Sunday, May 19, 2019

Twirl for a Cause: Chunky Girls Style

Robert has done it again!  He hosted another Twirl for a Cause to benefit his AIDS LifeCycle ride.  I believe he raised $3,500 (and is close to meeting his $15,000 goal).  Marisa and I came with another faux drag performance, this time as Rihanna and Britney. (Thank you to Ben for being our boy toy, and to Cassie Begley for the rope choreography!)

Check out the video:




Hundreds of riders leave on June 2nd.  They will be riding from San Francisco to Los Angeles -- 545 miles.  If you have some spare cash, please consider donating:  www.tofighthiv.org/goto/CowboyWild

GOOD LUCK ON THE RIDE!!






Thursday, May 2, 2019

Your Shadow Self

Recently, I saw the movie, Us.  While I watched it, I thought it was probably the worst movie I'd ever seen.  It was "classic" horror.  Look behind you!  Why aren't you running?!  Why are you going back in there??  The twists were pretty obvious and there was little jump factor.  Once I got home and thought about it a little more, however, I realized there was much deeper meaning hidden in that movie (other than how offensively horrible race relations are in the United States).  Without ruining too much of the plot in case you haven't seen it, the movie really makes you think about your shadow self. 

What is the shadow self?  It is the part of us we don't want to admit to having.  We may consider her weak or lazy.  We probably blame her for weight issues or the inability to commit to a relationship.  Most of us push our shadow selves away.  Reject her.  Tell her she's bad and needs to stay locked up.  She sits in a dark room stewing until some day she reappears.  Maybe you need her and you subconsciously call to her.  Maybe you have a moment of "weakness" and she just shows up.  But you'll have to face her sadness or rage someday. 

When you reject your shadow self, you reject yourself.  You tell yourself that you aren't good enough because this small piece of you is "wrong" in some way.  You spend so much of your life trying to keep her down.  So much precious energy that could have been used in a much more positive way. 

I recently did a Seven Day Healing Program through Preside Life.  Each day you listen to audio then journal answers to the questions he asks.  Although he doesn't specifically call it the shadow self, he does talk about the wounded inner child, which is essentially the same thing to me.  He talks about the masks we were made to wear as children in order to fit into our families.  I won't go too much into what he teaches, but the end result is accepting that your parents did the best they could, they did love you unconditionally, and you should learn how to talk to your inner self when you are feeling insecure and unworthy.  For me, it was important to realize how many things I use to stuff my feelings, and how I can rewrite my script to self-soothe in more healthy (or, at least for now, less damaging) ways.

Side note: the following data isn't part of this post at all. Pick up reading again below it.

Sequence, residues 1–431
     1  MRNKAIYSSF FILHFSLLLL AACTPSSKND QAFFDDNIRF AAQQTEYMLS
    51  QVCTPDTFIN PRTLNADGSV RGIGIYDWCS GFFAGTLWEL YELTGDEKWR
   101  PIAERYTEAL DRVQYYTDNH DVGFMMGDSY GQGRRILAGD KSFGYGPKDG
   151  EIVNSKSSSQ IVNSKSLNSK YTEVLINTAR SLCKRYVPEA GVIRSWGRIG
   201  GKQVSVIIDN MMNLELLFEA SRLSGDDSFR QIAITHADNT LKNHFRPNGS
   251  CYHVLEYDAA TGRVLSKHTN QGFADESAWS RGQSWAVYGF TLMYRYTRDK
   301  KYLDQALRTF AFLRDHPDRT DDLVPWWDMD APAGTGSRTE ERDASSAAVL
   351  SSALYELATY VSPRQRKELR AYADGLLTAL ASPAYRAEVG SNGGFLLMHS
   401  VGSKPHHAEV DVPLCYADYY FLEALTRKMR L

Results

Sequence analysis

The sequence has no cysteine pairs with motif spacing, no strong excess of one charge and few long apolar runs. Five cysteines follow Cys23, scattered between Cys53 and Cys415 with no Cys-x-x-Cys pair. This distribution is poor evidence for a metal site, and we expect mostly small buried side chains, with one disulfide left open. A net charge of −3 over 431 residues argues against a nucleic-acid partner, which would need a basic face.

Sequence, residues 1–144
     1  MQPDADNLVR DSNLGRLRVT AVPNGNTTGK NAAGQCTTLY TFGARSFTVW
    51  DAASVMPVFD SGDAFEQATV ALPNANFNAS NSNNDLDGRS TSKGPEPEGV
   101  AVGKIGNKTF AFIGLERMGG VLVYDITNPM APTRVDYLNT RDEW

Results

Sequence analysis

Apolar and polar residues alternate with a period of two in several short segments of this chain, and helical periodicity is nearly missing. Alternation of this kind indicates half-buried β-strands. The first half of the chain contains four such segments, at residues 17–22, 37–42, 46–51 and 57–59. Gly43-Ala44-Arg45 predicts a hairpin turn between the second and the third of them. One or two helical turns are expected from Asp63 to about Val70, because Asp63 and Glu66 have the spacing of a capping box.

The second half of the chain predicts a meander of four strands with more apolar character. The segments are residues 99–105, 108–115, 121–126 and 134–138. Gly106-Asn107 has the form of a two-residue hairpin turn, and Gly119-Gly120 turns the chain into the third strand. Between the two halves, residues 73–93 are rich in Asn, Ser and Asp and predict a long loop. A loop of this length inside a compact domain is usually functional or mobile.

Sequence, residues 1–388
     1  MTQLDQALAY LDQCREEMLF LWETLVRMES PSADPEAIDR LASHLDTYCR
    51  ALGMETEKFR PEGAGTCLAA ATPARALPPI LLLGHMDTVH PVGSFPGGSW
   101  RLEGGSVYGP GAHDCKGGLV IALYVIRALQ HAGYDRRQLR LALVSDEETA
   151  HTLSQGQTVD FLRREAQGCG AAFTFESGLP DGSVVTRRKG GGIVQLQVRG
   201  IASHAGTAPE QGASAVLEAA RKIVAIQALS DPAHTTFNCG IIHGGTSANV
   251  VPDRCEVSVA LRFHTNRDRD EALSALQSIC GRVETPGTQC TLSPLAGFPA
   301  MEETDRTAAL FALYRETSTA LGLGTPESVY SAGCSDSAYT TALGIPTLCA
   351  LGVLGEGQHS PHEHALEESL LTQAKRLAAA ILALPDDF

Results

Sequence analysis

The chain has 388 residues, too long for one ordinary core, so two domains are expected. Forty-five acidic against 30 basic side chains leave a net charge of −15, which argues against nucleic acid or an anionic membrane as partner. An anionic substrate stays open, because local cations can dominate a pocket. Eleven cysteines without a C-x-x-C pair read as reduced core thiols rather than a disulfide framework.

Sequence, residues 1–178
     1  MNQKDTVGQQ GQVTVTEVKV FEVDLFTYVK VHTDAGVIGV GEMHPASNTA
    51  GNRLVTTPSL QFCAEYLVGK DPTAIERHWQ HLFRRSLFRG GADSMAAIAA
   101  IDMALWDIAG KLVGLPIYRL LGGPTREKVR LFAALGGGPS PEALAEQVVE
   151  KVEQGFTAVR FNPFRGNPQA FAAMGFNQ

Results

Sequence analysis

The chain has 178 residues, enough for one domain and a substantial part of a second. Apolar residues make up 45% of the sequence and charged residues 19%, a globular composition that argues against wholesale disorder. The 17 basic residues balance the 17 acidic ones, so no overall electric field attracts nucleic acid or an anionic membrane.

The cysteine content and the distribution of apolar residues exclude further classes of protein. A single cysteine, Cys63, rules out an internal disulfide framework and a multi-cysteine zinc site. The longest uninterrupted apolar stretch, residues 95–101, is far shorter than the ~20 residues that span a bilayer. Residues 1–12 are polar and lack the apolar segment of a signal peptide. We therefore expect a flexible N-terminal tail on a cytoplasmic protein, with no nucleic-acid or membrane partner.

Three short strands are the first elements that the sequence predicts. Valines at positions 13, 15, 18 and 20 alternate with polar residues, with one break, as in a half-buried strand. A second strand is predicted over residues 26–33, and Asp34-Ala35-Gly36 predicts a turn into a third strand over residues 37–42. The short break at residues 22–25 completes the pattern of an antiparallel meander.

So many of us have those feelings of unworthiness.  We settle for sub-par relationships.  We don't ask for raises at work, or go for the better jobs.  We have to take sleeping pills to sleep, then we have to down gallons of coffee to wake up.  We eat to damage our bodies.  We exercise to punish ourselves.  We drink alcohol or take drugs to excess to dull the pain.  We make ourselves too busy so we don't have to sit in silence and listen to our own brains scream at us.  We push people away and pretend we don't need anyone else.  We spend hours looking at our phones, and not living in the real world.  It leads to a life of feeling very much alone in our misery.

What if you flipped the script?  What if you accepted your shadow self?  What if you looked at your wounded inner child, the one telling you that you aren't good enough, as trying to protect you, not keep you down?  If you don't go for that better job, you won't feel rejected if you don't get it.  But what if, instead of feeling dejected and freezing in your tracks, you took that feeling and let it propel you forward?  You weren't ready for that job, but now you're motivated to go back to school or get more training, which will allow you to get an even better job down the road.  One of my favorite things to say lately is: "Rejection is always protection, and delay does not always mean denial." 

I recently listened to the audio book, The Obstacle Is The Way.  The book tells you that obstacles aren't what keep you from success, they are, in fact, what will ultimately make you successful.  I have begun creating a program that combines hiking, yoga, and a little bit of a spiritual lesson.  I have also been writing a book about manifesting.  I realize now that I wouldn't be able to do these things had I not had the life lessons that led me to the hard work I've been doing in the last four years.